I just want to add a comment: because the sounds are drawn randomly, everyone hears something different! So, comments like "it does sounds more like a brook" may be right, but just for one particular user, and particular occurence.
Today, the average visit duration time is about 30s... and it takes my engine about that same time to evolve from one sound to another. If you think that you are not hearing something that does sound like rain to you, either reload the page (it will start all over again with a new draw) or give the generator a longer listen, like two minutes (I know, this is a lot of time, on the Internet). Then, you will understand why this rain noise generator is different from others. It really shines over longer listening sessions.
How it works? Basically, I have sounds in four categories: Light Rain, Heavy Rain, Thunder, and Water sounds (like those occurring once the rain has stopped). The generator starts by choosing one of these categories (with higher probabilities for the rain, but sometimes, it can start with the water sounds - hence that user comment). For each category, there are dozens of different recordings. So, even if you keep playing rain from the same category, it will keep changing. Staying in the same category or switching to another is governed by a very simple transition probabilities matrix.
Also, you can change the spectrum of the rain (white/pink/brown) by means of the pencil (this setting affects the next draws, so its effect is not instantaneous). Being able to change the color of a natural noise, is an interesting feature, IMHO.
As a qualified "rain sound critic", to my ears the generated rainfall didn't sound convincingly natural. Real rain is somewhat less "white" (lets call it "gray"), with a steadier, if muffled "thud" as drops hit land.
Of course there are many variables, like wind speed, rate of rain accumulation, soil conditions, urban vs. rural location among others, that alter rain's sound qualities. Accounting for these factors would probably be quite difficult. Too bad the website didn't provide more info about the sound generation algorithms, I think HN readers would appreciate that.
As far as applications of generated sounds go, I think it's a very individual matter. In respect to tinnitus, a condition I've had for a long time, it's not a problem only when things are quiet.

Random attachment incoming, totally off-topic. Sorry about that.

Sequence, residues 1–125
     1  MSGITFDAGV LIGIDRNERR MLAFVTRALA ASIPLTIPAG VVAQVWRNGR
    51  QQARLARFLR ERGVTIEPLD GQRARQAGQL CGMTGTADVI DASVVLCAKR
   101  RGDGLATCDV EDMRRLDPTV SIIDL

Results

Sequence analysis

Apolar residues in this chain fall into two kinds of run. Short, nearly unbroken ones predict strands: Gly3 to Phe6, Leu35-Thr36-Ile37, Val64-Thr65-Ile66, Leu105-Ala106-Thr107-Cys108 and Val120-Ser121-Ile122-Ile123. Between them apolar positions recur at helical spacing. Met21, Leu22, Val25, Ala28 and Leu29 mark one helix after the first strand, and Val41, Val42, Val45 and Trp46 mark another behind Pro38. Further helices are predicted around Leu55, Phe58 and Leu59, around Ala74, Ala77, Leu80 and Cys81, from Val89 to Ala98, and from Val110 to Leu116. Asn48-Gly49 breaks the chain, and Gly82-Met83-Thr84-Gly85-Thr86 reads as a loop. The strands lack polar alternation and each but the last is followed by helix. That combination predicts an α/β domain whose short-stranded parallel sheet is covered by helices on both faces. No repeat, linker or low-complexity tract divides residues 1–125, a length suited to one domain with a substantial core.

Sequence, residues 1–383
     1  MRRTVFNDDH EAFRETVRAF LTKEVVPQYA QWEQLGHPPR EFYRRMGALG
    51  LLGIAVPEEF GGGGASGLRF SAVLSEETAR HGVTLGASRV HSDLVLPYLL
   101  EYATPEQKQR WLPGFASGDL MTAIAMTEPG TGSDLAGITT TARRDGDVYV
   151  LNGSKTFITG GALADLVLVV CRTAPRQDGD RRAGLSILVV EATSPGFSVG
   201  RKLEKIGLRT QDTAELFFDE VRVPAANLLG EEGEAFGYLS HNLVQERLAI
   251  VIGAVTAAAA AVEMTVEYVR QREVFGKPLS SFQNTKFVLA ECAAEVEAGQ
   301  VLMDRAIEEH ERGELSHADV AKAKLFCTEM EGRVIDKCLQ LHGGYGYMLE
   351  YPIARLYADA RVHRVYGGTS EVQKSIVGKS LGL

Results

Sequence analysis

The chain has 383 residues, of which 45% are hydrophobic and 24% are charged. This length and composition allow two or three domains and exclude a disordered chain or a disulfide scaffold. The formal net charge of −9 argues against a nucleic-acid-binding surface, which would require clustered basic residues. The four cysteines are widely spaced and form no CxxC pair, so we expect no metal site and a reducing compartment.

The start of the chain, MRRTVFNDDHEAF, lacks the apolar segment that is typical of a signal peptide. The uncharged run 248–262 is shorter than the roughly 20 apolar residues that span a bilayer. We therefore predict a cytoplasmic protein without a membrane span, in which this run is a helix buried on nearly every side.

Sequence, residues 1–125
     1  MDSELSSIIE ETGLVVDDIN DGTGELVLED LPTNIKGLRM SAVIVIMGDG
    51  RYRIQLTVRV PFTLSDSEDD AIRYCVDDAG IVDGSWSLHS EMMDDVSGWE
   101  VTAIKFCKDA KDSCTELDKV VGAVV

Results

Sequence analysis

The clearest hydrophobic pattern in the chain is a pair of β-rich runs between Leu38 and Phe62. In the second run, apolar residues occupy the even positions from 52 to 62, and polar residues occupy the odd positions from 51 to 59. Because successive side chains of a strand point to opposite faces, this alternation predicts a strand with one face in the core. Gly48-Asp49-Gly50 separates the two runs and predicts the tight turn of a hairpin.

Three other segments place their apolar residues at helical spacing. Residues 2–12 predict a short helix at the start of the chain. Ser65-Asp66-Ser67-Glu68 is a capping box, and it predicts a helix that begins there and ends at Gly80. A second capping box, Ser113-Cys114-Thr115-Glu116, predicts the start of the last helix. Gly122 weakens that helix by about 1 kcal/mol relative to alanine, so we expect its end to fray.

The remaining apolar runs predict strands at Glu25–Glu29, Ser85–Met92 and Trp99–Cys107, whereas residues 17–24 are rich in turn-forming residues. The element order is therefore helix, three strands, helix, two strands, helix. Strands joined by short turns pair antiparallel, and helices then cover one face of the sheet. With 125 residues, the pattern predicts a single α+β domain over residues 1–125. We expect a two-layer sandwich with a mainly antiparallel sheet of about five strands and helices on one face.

In my case the internally generated high-pitched squeal is constant, loud enough to interfere with normal conversation. Adding external noise doesn't decrease or "mask" the tinnitus, just makes it harder to distinguish sounds in the environment.
One more thing, having known hundreds of adults with ADHD, mileage varies considerably re: benefit or decrement of background sounds on concentration. Offhand I don't know of studies documenting effects, but it would be an interesting study to conduct. My guess is most would do better in a quiet, but not too quiet environment. The issue is precisely what is "quiet" or "too quiet" for these individuals.
I also have tinnitus, but it's nowhere near as bad as yours sounds. Something like this is more than sufficient for me to mask it. It's really only an issue for me when things are very quiet.
Anecdotally, I find it much easier to concentrate with extremely loud music, usually with a strong and at least moderately fast beat. Even if I were to turn this up to 11, I don't think it would help me very much, aside from possibly masking background sounds that might grab my attention. At normal levels, I don't see it making any difference at all.
A slider to adjust the level of white noise (and maybe some other spectral properties) could be just the ticket.
But please understand this is a white noise machine too. The rain sounds that have been selected - especially the heavier rain sounds - do include a high level of white noise, naturally.
The basic concept is surprisingly simple: each generator is actually a collection of 10 looping sounds, each ostensibly covering a given frequency range. You can achieve really different resulting sounds my adjusting each channel. See for example the different presets (on the middle right of the page) for the Crystal Stream generator. 
I'm impressed by the quality of work that Stephane Pigeon put into each of these, and I'm glad he's marketing it well with rain.today :)
Edit: I see discardorama asked the same question.
play -c2 -n synth whitenoise band -n 100 24 band -n 300 100 gain +20
It became so bad that I could barely get an hour or two of continuous sleep a night.
Finally, I found a bunch of videos: https://www.google.com/search?q=rain+white+noise&tbm=vid and started playing them at night. Boy, what a difference it made. Now, I wake up at most once a night; I'm sleeping better than ever, and not a zombie during the day.
I'm wondering if there are any command-line rain generators for Linux? And is there some research on how to generate the 'best' (most realistic?) rain sounds.
I think if you don't do this early getting them to accept it later will result in them singing you the song of their people at 3am.
Possibly the cat.
Clearly you have never had a cat, if you're asking that question.... ;-)
These are two I've tried out:
http://sccode.org/1-e -- Rain and thunder (for supercollider)
http://www.obiwannabe.co.uk/tutorials/html/tutorial_rain.htm... -- for PureData
The rain does sound somewhat whitenoise-y though, I wonder if there are any simulations of rain, that take into account the actual physics of droplets hitting a surface.